DE RUEHIN #2523/01 3270917
ZNR UUUUU ZZH
R 230917Z NOV 07
FM AIT TAIPEI
TO RUEHC/SECSTATE WASHDC 7440
INFO RUEHBJ/AMEMBASSY BEIJING 7466
RUEHHK/AMCONSUL HONG KONG 8755
UNCLAS AIT TAIPEI 002523
DEPARTMENT FOR INR/R/MR, EAP/TC, EAP/PA, EAP/PD - NIDA EMMONS
DEPARTMENT PASS AIT/WASHINGTON
E.O. 12958: N/A
TAGS: OPRC KMDR KPAO TW
SUBJECT: MEDIA REACTION: U.S. TAIWAN POLICY
Summary: News coverage of Taiwan's major Chinese-language dailies
November 22-23 focused on a speech by Taiwan Representative to the
U.S. Joseph Wu at Johns Hopkins University November 20, in which he
said Taiwan that understands the U.S. has no obligation to defend
Taiwan under the Taiwan Relations Act. The arrangements for ballot
issuance at the upcoming legislative elections also attracted much
press attention as the central government and pan-Blue local
governments disputed over whose plan will infringe voters' right to
a secret vote. In terms of editorials and commentaries, a
commentary in the pro-unification "United Daily News" said Joseph
Wu's statement was inappropriate. An editorial of the
pro-independence, English-language "Taiwan News" said the U.S.
should support Taiwan more by selling F-16 C/D jet fighters and
negotiating a bilateral free trade agreement. End summary.
A) "Joseph Wu Overstates and Helps to 'Set the Americans Free'"
Washington correspondent Vincent Chang of the pro-unification
"United Daily News" [circulation: 400,000] wrote in a commentary
"... In fact, even though the Taiwan Relations Act (TRA) does not
provide that the U.S. must 'fight for Taiwan,' it does not say the
U.S. 'will not fight for Taiwan.'
"... It is clear then that drafters of the TRA had left significant
flexibility and discretion between the lines for the U.S. President
and Congress. Whether the Americans will fight for Taiwan is to be
determined by the U.S. rather than by the Taiwan side. One cannot
complain if the Americans refuse to recognize this obligation. But
for a Taiwan Representative to 'help set the Americans free' on this
issue is really unthinkable."
B) "U.S. Security Needs Democratic Taiwan"
The pro-independence, English-language "Taiwan News" [circulation:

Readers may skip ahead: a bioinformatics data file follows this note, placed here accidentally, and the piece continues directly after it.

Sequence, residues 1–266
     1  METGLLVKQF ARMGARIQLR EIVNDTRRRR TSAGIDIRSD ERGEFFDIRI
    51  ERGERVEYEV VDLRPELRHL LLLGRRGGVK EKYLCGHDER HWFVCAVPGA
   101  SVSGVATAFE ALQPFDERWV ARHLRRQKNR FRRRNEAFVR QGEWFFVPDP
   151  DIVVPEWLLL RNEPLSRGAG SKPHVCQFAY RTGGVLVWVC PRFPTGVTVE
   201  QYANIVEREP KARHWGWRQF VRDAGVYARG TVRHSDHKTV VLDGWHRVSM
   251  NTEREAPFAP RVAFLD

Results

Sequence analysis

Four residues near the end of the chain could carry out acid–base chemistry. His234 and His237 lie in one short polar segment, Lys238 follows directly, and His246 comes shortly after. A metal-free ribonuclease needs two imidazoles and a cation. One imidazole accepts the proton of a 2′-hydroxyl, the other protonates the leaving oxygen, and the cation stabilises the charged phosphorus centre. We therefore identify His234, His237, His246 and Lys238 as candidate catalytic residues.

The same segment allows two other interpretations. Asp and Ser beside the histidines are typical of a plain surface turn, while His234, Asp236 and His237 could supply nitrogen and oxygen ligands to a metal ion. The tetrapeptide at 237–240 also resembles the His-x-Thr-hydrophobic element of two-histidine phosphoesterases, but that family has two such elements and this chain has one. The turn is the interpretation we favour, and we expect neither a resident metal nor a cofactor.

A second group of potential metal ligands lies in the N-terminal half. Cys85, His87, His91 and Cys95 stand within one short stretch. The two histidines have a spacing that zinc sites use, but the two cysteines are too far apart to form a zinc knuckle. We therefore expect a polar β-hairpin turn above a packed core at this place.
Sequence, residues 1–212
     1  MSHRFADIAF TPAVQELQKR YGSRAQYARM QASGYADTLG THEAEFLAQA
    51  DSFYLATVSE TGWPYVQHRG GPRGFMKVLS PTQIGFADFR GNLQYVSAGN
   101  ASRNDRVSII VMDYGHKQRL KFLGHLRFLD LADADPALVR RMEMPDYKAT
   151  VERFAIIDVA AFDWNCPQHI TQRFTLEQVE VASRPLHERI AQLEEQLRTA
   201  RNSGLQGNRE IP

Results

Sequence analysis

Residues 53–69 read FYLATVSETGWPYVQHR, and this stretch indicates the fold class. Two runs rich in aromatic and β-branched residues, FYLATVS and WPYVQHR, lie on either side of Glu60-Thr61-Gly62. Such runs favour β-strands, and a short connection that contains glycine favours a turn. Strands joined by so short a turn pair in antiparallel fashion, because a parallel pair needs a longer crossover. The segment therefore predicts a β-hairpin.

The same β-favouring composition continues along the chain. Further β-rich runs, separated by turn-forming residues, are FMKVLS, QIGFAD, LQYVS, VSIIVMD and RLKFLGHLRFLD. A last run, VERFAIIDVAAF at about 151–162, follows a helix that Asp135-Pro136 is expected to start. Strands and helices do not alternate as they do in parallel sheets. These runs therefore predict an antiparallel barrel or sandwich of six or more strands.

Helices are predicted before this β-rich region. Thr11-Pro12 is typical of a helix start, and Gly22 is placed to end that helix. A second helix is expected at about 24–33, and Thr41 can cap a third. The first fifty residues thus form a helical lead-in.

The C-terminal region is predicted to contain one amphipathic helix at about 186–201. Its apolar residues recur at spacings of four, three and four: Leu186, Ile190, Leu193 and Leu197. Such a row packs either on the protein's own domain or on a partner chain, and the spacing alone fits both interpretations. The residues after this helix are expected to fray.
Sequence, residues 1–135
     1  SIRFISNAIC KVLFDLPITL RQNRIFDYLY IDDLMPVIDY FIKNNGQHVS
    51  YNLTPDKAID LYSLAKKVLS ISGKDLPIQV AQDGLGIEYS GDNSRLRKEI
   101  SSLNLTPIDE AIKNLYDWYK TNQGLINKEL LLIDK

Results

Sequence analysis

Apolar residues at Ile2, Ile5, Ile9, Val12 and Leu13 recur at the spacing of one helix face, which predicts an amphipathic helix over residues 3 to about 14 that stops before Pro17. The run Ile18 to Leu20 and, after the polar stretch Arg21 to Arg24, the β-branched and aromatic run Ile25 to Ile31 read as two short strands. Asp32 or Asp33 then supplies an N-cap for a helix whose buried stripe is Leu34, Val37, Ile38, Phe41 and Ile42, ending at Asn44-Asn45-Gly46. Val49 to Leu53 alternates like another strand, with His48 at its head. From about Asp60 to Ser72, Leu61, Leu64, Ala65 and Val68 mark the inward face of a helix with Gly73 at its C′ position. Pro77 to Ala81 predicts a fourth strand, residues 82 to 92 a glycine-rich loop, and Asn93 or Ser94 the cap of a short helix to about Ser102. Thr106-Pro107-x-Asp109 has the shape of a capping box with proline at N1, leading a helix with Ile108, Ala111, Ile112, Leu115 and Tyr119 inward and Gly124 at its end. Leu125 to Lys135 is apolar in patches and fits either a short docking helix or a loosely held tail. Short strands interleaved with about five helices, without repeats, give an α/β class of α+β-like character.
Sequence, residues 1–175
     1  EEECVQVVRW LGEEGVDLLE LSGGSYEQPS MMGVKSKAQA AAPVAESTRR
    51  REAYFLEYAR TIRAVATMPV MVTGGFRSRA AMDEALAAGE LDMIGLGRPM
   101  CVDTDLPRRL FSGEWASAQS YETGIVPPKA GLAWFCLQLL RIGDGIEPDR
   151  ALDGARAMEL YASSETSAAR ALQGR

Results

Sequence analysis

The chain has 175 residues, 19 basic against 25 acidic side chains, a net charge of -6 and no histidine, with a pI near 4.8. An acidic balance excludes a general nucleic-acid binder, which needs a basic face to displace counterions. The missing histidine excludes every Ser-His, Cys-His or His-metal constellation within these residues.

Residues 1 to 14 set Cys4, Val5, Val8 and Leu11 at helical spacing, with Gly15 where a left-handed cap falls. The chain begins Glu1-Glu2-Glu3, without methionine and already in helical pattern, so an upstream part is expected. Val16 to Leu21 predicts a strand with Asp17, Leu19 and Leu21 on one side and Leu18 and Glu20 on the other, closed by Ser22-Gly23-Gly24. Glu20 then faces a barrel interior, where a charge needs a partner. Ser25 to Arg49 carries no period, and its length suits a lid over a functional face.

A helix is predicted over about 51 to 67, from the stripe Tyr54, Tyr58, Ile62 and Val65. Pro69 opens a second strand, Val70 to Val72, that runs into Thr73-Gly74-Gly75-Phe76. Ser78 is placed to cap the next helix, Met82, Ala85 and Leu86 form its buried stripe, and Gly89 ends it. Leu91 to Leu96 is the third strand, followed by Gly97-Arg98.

20,000] editorialized (11/22):
"We support the call by the United States-China Economic and
Security Commission (USCC) on the U.S. Congress to encourage
President George W. Bush's administration to assist Taiwan maintain
its defenses against a rising military threat by the People's
Republic of China.
"... However, current U.S. policy toward Taiwan remains sadly
dominated by decision makers who advocate 'pre-emptive intervention'
and wage war for oil or other resources against weak dictatorships
under the banner of 'freedom' (mainly for business), but quickly
'turn the other cheek' and appease Beijing's dictatorship by trying
to restrain Taiwan's democratic procedures, such as the upcoming
referendum on whether to join the United Nations under the name of
"Washington has also made no effort to engage in negotiations, much
less sign, a free trade agreement with Taiwan which would help our
economy build deeper linkages with the advanced U.S. market instead
of exacerbating our dependence on the PRC's uncertain roller-coaster
"After demanding that Taiwan display its willingness to build the
capacity to defend itself against PRC annexation, the Bush
administration has refused to agree to sell upgraded F-16 C/D jet
fighters, even after the opposition dominated Legislature agreed to
fund the procurement after heavy lobbying by the Democratic
Progressive Party government.
"These trends have placed Taiwan in a disadvantageous position
relative to the PRC and exacerbated the difficulty in defending our
hard-won democracy against external intimidation by the PRC and
pro-unificationist forces at home. Taiwan is already overly
integrated into the PRC orbit to the extent that our political as
well as economic autonomy is eroding due to the pervasive impact of
vested business interests.
"... In contrast to the rigidity shown by U.S. external policy in
recent years, the PRC has been considerably more adroit and flexible
in manipulating cross-strait relations, gaining the initiative in
Sino-American ties and turning Washington from the defender of
global democracy into a proto-accomplice in suppressing global human
rights in the name of 'anti-terrorism' and curbing democracy in
Taiwan, thus undermining the morale of democratic forces in 'greater
China' and Asia as well.
"Bewitched by a narrow conception of U.S. 'national interests' that
highlights 'anti-terrorism' and an imperial hubris that denigrates
the importance of genuine democracy in world politics, the current
U.S. administration has been willfully blind to the structural
change in the balance of power in the Taiwan Strait in recent years
in favor of the PRC, which it foolishly sees as an 'ally' in the
'war against terror.' ..."